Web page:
Babies born in hospitals in England at the weekends are more at risk of dying than those born on weekdays according to a recent study which has been completed by Imperial College London.
The study, which looked into the association between day of delivery and measures of quality and safety of maternity services, considered data of more than 1.3 million births and found that there was a 7% increase in risk of death for babies delivered at weekends. The study ensured that it took into consideration varying factors, such as the fact that more babies are born on a Thursday.
The study also found that the rate of injury to the baby during birth was slightly higher across those delivered on Saturdays and Sundays and that mums admitted at the weekend had slightly higher rates of infections.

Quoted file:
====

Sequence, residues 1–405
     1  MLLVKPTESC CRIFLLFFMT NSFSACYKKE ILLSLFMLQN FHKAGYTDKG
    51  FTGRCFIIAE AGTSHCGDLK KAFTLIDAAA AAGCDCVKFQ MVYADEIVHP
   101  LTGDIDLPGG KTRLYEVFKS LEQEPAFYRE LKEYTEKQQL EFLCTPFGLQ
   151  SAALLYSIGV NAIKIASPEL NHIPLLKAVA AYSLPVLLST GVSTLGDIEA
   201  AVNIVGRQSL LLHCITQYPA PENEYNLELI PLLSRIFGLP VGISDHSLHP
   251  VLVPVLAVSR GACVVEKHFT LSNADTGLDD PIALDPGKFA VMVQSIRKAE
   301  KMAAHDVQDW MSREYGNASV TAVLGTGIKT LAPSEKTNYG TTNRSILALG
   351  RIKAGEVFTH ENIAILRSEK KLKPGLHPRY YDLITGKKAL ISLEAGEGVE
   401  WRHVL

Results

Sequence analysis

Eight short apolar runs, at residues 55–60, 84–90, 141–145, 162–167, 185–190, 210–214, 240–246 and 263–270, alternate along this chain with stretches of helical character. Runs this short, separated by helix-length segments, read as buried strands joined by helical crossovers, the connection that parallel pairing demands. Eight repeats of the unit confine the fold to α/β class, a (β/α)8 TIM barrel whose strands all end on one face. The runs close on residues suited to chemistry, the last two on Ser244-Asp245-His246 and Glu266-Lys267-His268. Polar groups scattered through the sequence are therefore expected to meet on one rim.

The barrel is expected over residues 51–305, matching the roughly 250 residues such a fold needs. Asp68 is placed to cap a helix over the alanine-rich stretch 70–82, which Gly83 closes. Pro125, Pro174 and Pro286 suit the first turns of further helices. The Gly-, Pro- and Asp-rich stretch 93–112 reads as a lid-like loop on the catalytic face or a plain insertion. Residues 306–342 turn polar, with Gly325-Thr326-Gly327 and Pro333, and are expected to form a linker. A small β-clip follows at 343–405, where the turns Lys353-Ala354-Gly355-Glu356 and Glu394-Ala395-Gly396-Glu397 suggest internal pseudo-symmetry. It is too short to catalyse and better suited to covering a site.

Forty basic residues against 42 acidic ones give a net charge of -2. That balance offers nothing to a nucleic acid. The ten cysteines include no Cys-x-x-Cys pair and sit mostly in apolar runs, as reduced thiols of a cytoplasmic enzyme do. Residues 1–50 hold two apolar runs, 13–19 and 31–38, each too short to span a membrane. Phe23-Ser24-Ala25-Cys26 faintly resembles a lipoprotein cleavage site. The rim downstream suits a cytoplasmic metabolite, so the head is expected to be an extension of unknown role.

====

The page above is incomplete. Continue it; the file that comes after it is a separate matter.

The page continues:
The study provided an evaluation of what is known as the weekend effect, however found no direct link between the rate of deaths and staffing levels
This isn’t the first time that the question of the quality of care being provided by the NHS at the weekend has been called into question. Jeremy Hunt is at the forefront of trying to increase consultant presence at the weekends and to make the NHS a “more human 7 day service”. The study was however clear that it had looked into the link between consultant level and death and complication rates and did not find any association.
The NHS are to commission a wider independent review of NHS maternity services in the hope to asses how best to deal with the increasing birth rate and the results of this study.
By Victoria Jordan, clinical negligence team